Fortunately, despite the Court’s pronouncement in O’Brien and Justice Scalia’s repetition of the argument in Edwards, modern case law appears to accept that legislation can be invalidated based on illicit purpose. In 1977, in Village of Arlington Heights v. Metrop. Housing Devp’t Corp., the Supreme Court found insufficient evidence of illicit purpose to establish a prima facie case but made clear that if there were such evidence, that plus disparate racial impact would be presumptively unconstitutional. Lower court cases have applied Arlington Heights to strike down laws based on illicit motive.

And long before the Arlington Heights ruling, constitutional doctrine made clear that an illicit executive motive could void an otherwise permissible action. The 1886 case of Yick Wo v. Hopkins is routinely cited for the proposition that a facially valid law that is enforced in a discriminatory manner can be ruled unconstitutional in application. That makes sense even if one has doubts about invalidating legislation based on illicit motive: The multi-member nature of a legislative body makes it difficult to ascertain a determinate intent; by contrast, where executive action occurs at the direction of a single official (such as the president), discerning illicit purpose proves less challenging.

Whatever the law may have been when O’Brien was decided, it is now well established that an otherwise permissible executive or legislative action can be invalid in virtue of the illicit motive for that action. To be sure, a recent Harvard Law Review article by Professor Fallon argues that the cases involving illicit legislative purpose take a somewhat inconsistent approach. However, Fallon does not critique the use of illicit purpose tests in cases involving executive action, and as I contend in a reply in the Harvard Law Review Forum, there are reasons to doubt the wisdom of his proposed alternative even with respect to legislative action. In any event, Fallon’s reform proposals are not the current law, which makes clear that in various domains—including the First Amendment—illicit intent can void otherwise permissible actions.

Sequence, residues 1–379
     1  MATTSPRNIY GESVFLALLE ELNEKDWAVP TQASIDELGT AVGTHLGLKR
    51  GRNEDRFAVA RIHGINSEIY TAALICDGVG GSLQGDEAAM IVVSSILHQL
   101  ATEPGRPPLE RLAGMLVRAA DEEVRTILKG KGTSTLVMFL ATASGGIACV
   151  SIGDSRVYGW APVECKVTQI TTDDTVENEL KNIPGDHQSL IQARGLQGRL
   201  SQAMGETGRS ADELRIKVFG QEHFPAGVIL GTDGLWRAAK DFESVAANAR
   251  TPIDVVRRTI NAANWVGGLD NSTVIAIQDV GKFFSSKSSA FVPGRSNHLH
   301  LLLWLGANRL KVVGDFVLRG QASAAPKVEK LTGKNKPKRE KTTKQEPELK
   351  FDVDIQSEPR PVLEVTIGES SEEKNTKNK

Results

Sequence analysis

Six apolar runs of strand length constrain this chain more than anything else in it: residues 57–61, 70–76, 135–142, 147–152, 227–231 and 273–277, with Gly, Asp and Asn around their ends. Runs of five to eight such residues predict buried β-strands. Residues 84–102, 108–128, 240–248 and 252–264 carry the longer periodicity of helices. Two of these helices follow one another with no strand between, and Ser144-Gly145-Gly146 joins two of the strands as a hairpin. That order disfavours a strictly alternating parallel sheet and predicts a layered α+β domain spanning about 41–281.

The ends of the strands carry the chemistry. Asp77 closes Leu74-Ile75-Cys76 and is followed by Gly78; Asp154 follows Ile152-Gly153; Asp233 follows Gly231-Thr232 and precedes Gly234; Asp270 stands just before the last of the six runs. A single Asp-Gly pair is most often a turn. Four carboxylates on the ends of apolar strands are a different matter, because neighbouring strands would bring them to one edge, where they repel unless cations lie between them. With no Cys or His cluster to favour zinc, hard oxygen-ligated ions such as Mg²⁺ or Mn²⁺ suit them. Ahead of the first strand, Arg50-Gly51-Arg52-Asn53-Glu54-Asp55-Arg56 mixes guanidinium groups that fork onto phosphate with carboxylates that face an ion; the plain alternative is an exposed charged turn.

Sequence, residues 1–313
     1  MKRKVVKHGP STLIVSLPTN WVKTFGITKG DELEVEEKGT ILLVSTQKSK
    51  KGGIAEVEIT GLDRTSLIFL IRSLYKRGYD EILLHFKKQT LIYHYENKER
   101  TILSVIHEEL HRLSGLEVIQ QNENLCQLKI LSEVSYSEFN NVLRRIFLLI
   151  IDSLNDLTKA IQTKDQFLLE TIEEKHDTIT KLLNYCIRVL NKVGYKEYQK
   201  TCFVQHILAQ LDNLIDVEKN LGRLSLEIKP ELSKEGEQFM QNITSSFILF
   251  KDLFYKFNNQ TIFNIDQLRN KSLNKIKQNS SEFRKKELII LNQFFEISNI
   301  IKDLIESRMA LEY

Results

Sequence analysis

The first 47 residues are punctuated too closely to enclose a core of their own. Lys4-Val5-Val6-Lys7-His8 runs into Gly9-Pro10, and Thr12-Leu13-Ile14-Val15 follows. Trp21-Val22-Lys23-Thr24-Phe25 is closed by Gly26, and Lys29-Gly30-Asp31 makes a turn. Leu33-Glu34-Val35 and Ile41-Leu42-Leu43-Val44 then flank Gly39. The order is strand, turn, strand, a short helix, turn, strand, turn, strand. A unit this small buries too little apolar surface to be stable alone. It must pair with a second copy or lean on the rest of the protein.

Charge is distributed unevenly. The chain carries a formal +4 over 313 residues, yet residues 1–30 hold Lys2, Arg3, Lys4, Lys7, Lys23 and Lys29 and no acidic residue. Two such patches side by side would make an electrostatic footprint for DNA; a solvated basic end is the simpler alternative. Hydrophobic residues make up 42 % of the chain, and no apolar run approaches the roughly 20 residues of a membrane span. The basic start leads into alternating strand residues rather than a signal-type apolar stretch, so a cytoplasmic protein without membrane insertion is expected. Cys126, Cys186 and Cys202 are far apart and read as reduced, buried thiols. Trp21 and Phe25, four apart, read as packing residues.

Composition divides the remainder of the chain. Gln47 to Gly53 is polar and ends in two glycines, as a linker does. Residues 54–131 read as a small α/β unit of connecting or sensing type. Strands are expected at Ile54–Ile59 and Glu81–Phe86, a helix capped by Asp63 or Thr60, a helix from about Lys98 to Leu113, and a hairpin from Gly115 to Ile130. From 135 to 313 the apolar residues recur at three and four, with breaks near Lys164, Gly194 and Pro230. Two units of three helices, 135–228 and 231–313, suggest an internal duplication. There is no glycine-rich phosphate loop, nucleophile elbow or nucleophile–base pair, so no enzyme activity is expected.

Admittedly, cases involving illicit intent can raise difficult questions. How does one prove intent? When can one say that the taint of illicit intent has been purged? And what is the proper remedy for an otherwise permissible action that was motivated by illicit intent, whether invidious animus or retaliation against free speech? At one point or another, each of these difficulties has been offered as a reason for concluding that illicit intent never voids an otherwise permissible action.

The case law rightly rejects that conclusion, because, notwithstanding the existence of hard cases, the alternative is worse. Constitutional provisions that proscribe invidious discrimination and censorship could be readily evaded through the pretextual application of facially neutral laws and policies.

In any event, the sorts of cases we will likely see during the Trump administration are not difficult. Trump does not use a dog whistle to signal his animus and censorial intent. He tweets and screams it for all to see and hear. In general, but especially in the current circumstances, there is no persuasive reason to shut our eyes and cover our ears.


Shag from Brookline said...

I'm waiting to see if the Tillman/Blackman constitutional scholars duo may extend their positions that the Emoluments clauses do not apply to the Office of the President to the issues addressed in Mike's and other essays on Executive speech. They might point to the 1st A's specifically proscribing Congress (but not the Executive) regarding speech, etc. The 14th A's incorporation of the 1st A (and certain other As) does not specifically proscribe the Executive, rather focusing on the States. But the Constitution has to be read as a whole as Mike and others point out in their essays.

Joe said...

I wonder if Josh Blackman stopped worrying about John Paul Stevens' public statements because Blackman argued Stevens never really retired, so it's an ethical issue.

Trump is like a law school hypo. "Well this won't happen, but let's push things, just to see where this would lead ..."

Asher Steinberg said...